ECONOMICS OF A SMALL WIND PUMP SYSTEM BASED ON ESTIMATED PETROL AND DIESEL COST SAVINGS FROM USE IN NORTHERN NIGERIAJournal: ARID ZONE JOURNAL OF ENGINEERING, TECHNOLOGY AND ENVIRONMENT (Vol.9, No. 1)
Publication Date: 2013-08-01
Authors : C J Ejieji; M Olayaki-Luqman;
Page : 37-50
Keywords : Wind energy; pumps; cost saving; environment; Northern Nigeria;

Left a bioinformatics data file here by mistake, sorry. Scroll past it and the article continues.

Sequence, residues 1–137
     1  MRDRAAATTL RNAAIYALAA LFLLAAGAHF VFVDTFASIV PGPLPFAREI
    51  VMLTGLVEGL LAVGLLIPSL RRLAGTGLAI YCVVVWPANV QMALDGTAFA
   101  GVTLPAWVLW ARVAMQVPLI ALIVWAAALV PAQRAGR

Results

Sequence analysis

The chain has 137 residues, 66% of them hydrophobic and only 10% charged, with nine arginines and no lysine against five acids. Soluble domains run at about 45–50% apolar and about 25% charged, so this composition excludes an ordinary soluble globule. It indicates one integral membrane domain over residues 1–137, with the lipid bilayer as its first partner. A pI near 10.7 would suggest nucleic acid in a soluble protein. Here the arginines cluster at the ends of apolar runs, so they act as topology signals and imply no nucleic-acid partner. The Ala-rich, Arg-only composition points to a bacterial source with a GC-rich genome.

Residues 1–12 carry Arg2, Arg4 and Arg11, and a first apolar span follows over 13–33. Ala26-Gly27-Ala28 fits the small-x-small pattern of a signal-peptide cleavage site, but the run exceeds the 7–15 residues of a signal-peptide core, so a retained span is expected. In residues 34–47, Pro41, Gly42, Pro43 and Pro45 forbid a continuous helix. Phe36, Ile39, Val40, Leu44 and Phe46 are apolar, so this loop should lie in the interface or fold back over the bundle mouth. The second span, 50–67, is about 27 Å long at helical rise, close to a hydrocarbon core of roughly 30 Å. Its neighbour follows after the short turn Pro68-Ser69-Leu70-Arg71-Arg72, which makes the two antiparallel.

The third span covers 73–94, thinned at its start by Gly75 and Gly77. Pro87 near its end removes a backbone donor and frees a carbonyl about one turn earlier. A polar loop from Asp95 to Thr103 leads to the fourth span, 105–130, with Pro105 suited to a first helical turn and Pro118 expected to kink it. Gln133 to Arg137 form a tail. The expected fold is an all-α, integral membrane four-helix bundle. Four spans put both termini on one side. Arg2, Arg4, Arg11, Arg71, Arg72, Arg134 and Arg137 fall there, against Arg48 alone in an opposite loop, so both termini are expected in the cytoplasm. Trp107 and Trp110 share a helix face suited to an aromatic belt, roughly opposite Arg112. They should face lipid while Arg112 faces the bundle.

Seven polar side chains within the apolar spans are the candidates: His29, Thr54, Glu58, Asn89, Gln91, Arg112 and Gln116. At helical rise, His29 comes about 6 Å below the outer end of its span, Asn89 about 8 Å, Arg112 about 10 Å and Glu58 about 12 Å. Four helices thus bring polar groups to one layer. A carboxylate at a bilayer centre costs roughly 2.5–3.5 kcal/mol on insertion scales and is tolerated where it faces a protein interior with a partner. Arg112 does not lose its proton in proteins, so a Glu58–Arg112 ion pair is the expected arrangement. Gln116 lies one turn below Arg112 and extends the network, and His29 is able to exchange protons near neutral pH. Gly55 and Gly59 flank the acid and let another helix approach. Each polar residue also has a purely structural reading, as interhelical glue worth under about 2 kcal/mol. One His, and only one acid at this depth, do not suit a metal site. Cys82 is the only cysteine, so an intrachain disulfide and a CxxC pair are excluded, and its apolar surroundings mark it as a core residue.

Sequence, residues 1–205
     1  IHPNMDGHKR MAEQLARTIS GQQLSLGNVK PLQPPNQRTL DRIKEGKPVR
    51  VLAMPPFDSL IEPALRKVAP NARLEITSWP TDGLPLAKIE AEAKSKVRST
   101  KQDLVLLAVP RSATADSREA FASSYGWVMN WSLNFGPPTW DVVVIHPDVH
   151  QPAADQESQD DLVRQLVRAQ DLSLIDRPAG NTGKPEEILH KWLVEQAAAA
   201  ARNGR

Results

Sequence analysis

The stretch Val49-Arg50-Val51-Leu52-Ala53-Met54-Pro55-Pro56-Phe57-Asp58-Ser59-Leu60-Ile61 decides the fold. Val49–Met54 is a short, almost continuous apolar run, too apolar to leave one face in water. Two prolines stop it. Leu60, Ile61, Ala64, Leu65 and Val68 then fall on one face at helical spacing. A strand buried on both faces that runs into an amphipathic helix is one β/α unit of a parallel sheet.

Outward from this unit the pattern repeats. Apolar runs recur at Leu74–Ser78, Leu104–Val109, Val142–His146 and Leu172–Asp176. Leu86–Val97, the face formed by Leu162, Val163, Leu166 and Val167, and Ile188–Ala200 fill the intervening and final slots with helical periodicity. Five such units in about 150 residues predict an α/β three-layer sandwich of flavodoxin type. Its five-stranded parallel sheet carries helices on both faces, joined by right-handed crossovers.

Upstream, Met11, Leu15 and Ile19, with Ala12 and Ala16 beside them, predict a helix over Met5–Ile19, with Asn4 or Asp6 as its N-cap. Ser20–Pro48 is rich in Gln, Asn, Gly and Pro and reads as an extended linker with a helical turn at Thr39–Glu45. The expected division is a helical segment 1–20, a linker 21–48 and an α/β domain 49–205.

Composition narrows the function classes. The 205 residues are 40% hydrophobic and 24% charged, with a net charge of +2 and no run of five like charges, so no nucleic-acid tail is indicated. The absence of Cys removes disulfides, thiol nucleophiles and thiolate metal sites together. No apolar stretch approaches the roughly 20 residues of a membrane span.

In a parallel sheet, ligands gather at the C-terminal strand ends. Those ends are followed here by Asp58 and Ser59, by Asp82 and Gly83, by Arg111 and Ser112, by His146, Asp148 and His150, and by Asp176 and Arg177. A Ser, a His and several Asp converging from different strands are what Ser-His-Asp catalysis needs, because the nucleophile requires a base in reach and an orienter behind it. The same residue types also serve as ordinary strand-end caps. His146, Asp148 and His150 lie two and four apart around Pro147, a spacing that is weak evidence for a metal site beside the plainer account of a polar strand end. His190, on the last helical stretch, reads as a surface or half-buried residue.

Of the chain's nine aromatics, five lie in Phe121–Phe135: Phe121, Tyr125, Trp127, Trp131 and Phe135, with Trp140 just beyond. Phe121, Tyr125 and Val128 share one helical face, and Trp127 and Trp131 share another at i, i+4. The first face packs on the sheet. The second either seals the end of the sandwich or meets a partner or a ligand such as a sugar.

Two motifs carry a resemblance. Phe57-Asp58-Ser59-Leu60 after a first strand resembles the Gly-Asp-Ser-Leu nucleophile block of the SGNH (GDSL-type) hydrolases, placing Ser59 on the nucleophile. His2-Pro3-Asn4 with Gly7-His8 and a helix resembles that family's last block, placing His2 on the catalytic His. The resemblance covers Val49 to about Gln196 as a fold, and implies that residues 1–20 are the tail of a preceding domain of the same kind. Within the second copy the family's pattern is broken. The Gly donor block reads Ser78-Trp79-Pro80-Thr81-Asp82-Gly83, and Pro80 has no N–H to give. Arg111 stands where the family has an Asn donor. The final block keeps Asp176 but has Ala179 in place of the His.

Eleven years of daily wind records were analyzed for the estimation of available wind energy for water pumping at three selected locations in Northern Nigeria, namely Jos, Kano and Sokoto. This formed the basis for investigating the economics of the use of an imported small wind pump under a deregulated energy market environment. The estimated available energy for water pumping at the installation height of 9m was 190 kwh/m2/yr for Jos, 225 kwh/m2/yr for Kano and 348 kwh/m2/yr for Sokoto. The monetary value of the available wind energy was considered as saved energy cost. The saved cost was obtained in terms of the unsubsidized cost of the petrol and diesel that an internal combustion engine (ICE) would consume to produce energy equivalent to the available wind energy. At the prevailing interest and inflation rates of 21.96 % and 12.1% respectively, and unsubsidized prices of N 131.32/l and N 140.23/l for petrol and diesel respectively, investment in the wind pump was not found to be economically competitive relative to using a pump with ICE prime mover at the three locations unless the cost of the pump was subsidized. For Sokoto, the estimated subsidy for initial cost of the wind pump required for the investment to be competitive relative to the use of a pump driven by a petrol ICE was 16%. Relative to a pump driven by a diesel ICE, the required subsidy was 24%. The corresponding subsidy estimates for Kano were 48 % and 51 % respectively. For Jos, it was 56% relative to the use of a pump driven by a petrol ICE and 60 % relative to that driven by a diesel ICE. Considering the potential environmental and social and environmental benefits however, subsidy support by government for local manufacturing of the pumps was recommended since shipping cost and custom tariff constituted over 36% of the initial cost of the wind pump.
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